Saturday, March 21, 2009

aig+ or what we forgot to tell indians before they signed the treaty
i remain somewhat tongue-tied in response to the depression. I don’t have stocks or 401k’s to see plummet. i don’t have an employer to tank along with my job. i mostly have clients who are made even poorer by the trickledown. i do remain amazed by the absolute lack of shame shown by rich folks and their media and corporate manifestations. one of these causes me to talk a bit - the claim that the aig bonuses are untouchable.
if there is any simple lesson of the day to day practice of the law it is that the written law whether from statutes, constitutions, administrative rules or judicial opinions is ultimately only words. The day to day working of courts and systems affected by the written law require working near it but not following it literally. it is the background music, but not necessarily the theme.
i work mostly within the criminal law court systems. there regularly procedural niceties are ignored and plea bargains made. defendants do not receive the absolutes of constitutional and statutory protections. law enforcement is not allowed to arrest people knowing that they will be punished exactly in keeping with the written law. lawyers and judges find they can occasionally use the written law as the basis for their position and actions. but we all gain something from acknowledging that the written law is only as good as the situation allows.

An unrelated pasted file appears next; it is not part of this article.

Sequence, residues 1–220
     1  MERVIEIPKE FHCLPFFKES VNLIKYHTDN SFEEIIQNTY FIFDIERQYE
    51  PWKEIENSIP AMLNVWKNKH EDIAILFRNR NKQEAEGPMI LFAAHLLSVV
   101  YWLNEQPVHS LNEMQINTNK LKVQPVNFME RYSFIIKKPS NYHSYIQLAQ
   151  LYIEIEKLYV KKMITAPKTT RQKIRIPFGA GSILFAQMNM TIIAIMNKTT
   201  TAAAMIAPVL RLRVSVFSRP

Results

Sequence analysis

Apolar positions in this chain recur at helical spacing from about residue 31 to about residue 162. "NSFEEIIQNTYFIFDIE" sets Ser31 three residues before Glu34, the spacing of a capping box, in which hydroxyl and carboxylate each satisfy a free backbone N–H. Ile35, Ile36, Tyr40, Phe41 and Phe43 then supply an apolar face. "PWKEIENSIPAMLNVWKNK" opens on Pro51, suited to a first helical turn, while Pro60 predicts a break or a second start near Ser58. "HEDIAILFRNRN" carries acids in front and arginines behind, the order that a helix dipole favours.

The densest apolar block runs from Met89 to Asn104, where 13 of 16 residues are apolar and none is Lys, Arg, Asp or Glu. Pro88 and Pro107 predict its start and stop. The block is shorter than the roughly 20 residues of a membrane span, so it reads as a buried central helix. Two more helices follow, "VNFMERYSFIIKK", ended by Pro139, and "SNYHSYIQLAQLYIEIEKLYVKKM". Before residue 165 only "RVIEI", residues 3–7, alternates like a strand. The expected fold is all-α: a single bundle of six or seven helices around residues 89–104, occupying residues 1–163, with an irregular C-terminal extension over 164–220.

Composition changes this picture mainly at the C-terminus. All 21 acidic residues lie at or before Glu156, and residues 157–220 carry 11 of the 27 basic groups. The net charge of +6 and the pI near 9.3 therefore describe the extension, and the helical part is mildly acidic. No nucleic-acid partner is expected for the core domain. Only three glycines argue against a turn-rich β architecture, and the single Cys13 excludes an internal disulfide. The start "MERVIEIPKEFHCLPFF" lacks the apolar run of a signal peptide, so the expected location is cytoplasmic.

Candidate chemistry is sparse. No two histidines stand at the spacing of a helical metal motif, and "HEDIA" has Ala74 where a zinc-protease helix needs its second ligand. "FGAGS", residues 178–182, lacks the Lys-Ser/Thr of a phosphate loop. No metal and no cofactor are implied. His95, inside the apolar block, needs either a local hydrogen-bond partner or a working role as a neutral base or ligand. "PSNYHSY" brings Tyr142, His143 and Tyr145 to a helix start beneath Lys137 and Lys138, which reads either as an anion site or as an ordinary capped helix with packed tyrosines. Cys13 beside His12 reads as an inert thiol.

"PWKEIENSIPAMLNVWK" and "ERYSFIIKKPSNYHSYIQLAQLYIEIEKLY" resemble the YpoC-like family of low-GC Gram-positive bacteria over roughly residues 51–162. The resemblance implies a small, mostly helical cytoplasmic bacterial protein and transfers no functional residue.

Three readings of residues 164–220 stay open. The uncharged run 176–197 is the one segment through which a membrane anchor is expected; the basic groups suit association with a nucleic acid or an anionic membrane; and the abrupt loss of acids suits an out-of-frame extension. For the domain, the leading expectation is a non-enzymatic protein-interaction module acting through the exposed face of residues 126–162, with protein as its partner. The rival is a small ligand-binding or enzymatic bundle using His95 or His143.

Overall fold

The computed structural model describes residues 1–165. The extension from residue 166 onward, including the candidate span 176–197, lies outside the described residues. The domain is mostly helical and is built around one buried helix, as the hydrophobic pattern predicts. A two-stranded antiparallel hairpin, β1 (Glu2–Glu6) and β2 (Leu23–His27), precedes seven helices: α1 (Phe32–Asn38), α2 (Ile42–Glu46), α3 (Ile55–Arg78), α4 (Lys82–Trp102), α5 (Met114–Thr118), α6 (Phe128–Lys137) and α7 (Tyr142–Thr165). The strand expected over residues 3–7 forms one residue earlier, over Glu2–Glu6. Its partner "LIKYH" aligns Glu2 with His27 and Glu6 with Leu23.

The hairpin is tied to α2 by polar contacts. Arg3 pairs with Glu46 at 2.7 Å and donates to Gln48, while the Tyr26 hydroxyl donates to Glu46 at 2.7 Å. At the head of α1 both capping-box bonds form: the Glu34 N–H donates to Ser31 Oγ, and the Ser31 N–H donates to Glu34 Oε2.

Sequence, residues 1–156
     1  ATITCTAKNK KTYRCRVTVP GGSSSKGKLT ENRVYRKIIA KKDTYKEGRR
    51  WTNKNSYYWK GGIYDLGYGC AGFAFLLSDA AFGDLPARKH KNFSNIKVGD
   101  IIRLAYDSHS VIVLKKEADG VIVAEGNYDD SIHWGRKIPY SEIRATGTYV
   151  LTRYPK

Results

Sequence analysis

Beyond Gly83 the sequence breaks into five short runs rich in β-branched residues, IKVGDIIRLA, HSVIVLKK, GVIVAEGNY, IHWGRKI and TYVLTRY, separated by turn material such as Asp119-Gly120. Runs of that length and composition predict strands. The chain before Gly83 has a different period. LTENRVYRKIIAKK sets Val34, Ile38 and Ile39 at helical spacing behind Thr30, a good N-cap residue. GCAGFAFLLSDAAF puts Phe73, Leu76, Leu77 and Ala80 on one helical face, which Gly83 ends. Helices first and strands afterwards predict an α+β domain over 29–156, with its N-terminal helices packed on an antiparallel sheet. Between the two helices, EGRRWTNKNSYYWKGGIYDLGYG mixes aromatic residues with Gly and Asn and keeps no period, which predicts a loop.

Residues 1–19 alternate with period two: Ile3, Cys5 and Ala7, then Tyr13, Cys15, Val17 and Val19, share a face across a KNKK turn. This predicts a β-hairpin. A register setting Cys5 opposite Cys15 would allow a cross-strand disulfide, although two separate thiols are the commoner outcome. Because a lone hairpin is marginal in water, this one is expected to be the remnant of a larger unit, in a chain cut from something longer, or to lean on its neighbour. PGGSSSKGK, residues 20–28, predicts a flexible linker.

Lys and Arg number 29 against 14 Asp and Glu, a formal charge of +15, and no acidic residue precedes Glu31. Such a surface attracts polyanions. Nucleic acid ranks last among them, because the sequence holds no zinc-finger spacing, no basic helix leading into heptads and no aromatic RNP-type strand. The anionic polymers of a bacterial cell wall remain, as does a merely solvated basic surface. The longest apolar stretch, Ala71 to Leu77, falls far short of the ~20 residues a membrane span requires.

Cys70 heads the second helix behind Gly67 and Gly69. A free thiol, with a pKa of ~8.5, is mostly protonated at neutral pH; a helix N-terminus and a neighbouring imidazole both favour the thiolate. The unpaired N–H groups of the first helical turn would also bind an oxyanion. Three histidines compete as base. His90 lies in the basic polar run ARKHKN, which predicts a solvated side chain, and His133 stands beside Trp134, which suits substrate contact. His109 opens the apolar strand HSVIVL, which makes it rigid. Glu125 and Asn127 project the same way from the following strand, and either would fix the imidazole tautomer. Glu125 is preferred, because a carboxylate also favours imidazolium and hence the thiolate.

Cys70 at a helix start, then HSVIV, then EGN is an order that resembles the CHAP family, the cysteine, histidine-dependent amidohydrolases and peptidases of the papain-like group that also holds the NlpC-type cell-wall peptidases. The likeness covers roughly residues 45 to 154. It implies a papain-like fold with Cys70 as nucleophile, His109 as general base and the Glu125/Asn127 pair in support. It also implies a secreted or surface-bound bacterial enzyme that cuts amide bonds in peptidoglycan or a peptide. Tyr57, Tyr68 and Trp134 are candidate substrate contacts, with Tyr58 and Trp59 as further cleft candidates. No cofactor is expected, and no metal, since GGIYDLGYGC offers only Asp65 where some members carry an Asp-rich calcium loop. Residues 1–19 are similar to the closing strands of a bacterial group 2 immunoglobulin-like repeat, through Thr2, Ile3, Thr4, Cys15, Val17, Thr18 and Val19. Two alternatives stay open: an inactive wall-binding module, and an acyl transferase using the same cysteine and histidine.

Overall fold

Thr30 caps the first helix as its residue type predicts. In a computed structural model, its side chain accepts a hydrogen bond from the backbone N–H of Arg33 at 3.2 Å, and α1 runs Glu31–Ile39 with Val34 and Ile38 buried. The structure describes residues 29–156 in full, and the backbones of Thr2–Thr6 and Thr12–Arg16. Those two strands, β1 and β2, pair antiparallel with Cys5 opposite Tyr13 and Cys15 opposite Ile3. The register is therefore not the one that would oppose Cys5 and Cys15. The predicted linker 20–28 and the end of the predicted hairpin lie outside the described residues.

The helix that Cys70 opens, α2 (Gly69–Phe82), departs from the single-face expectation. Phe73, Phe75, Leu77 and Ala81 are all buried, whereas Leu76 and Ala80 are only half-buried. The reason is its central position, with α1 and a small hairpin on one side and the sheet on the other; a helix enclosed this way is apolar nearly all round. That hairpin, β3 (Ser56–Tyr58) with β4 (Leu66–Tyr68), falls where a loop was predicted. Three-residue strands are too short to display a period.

so perhaps its not surprising that i cringe when i hear the claim that the contracts between a corporation and it’s resident malfeasors to pay them a so-called bonus in spite of their lack of performance trumps all. the lawyers who gave this advice and the clients who accepted it are basically all foolish. for them and anyone who cares to dabble in legal yacking, i recommend a times oped thing in which a professorial type sets out the various things they didn’t think of: A.I.G.’s Bonus Blackmail.
there’s another theory i’ve seen mentioned. these people need to be kept around because they’re the only ones capable of declawing their own monstrous creations. making this the basis of these people’s future would at least add a little truth to the farce. if i was their lawyer, i might suggest that a lotta mea culpa and return of the bonuses might allow them to become part of the cure with whatever benefits accrue to their souls and maybe pocketbooks. unfortunately they’ll probably ask ‘what would rush do?’ and ignore my advice.

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